It’s the faces and the simple goodness of them. The stumbling man in his too-big sweat-stain of a shirt which wasn’t designed for cardio but is the oldest, plainest thing in his wardrobe. He lumbers on at barely a trot and grimaces if you catch his eye, but he’s there and he’s doing something better than lazing on the couch with a fry-up.

There are the groups and classes of runners whose constant determination ranges from competitive to agonised. There are the dog-and/or-kid runners, stop-starting along the outer paths, bodies constantly lopsided as they squint over their shoulders.

Then come the wobbling warriors who grit their teeth past the sweat-stained stumblers. Their running clothes are new and already loose, their limbs flab beneath the vast, angry rashes of skin, but you can almost see the fat melting as they pound the pavement one jiggle at a time. Their faces are the most open because they are engaged with the best of themselves, they wear their pride in all its extra pounds of glory.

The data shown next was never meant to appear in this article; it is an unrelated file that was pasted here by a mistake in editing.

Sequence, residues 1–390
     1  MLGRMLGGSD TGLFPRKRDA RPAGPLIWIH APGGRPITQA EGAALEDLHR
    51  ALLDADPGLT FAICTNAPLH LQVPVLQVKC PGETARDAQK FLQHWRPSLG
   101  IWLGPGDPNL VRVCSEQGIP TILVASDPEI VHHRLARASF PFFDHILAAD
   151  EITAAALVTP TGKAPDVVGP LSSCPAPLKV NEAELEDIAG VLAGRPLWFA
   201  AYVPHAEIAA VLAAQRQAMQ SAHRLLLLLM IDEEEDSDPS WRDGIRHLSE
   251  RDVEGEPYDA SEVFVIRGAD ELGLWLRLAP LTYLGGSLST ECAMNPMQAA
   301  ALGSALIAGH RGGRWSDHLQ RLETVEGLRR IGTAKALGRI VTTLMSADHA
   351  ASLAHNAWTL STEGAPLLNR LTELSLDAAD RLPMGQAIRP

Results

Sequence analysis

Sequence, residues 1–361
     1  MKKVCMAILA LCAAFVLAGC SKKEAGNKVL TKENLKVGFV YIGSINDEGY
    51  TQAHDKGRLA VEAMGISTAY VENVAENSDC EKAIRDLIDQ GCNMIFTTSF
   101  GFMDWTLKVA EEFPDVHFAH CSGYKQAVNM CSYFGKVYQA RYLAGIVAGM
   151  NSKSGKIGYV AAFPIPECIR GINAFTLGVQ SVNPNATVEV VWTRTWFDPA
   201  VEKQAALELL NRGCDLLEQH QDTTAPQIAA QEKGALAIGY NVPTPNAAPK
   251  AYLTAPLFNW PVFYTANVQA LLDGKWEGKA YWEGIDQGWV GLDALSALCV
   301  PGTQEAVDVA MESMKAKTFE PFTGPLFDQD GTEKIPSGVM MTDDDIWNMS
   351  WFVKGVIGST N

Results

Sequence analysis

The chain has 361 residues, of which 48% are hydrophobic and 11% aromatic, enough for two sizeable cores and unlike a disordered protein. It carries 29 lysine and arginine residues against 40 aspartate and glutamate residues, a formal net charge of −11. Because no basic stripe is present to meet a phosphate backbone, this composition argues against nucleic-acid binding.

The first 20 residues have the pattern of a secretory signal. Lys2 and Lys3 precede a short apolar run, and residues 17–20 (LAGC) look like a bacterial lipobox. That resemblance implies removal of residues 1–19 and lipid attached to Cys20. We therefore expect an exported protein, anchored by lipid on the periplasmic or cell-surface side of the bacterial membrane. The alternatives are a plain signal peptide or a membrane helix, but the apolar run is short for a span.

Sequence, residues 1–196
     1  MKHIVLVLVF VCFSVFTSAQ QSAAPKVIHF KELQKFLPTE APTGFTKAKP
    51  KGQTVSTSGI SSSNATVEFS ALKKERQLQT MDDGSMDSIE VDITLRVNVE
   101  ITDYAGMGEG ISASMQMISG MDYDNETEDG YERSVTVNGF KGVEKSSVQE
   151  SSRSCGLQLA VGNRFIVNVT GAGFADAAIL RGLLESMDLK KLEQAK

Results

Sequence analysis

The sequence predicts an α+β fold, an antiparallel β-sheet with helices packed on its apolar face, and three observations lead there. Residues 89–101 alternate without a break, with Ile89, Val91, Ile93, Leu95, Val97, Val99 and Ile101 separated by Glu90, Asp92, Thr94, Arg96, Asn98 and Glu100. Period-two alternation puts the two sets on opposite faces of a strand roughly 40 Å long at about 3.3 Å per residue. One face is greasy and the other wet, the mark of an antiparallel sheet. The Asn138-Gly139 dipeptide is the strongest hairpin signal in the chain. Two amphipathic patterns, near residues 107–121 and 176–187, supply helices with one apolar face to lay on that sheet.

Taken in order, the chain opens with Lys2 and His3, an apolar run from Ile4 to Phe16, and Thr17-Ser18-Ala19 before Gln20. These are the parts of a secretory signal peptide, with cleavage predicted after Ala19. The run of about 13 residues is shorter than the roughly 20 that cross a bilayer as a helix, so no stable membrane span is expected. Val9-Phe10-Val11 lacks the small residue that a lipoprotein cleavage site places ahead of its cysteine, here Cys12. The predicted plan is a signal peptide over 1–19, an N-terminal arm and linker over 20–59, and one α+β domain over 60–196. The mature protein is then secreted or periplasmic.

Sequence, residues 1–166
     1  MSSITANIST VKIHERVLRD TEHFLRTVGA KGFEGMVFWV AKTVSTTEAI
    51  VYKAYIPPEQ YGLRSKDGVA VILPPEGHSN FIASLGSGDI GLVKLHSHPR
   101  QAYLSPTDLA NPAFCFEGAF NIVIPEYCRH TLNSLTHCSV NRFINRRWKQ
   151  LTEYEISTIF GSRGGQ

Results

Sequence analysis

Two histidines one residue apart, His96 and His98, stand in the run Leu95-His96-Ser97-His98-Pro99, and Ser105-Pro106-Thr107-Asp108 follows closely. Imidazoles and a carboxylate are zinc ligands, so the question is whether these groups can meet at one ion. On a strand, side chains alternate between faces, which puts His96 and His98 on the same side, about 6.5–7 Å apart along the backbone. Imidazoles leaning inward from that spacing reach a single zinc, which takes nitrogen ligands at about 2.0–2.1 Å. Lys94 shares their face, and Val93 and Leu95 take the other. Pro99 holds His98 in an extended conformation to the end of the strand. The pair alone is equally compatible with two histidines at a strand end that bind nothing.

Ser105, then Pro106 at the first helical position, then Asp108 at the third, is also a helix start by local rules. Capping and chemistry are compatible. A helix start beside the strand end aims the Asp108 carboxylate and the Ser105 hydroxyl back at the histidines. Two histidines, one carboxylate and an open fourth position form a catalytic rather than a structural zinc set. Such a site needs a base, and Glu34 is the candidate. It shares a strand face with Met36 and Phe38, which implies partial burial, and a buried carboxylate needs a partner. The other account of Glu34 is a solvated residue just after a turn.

There are the gliders. The svelte tans and jiggle-free thighs, running shorts clinging lovingly to their pert bottoms as if to say yes, this is where I belong, back on the model, back on the runway. Ears beneath styled, sweat-free hair are wired to iPod armbands and beady eyes rake your body, assess your fitness and thinness and smugly look away. But let’s face it, we don’t look them in the eye much because as soon as we’ve lumbered our way level with the gravity-defying incredulity of their lower bodies, they glide themselves off into a beautiful sprint.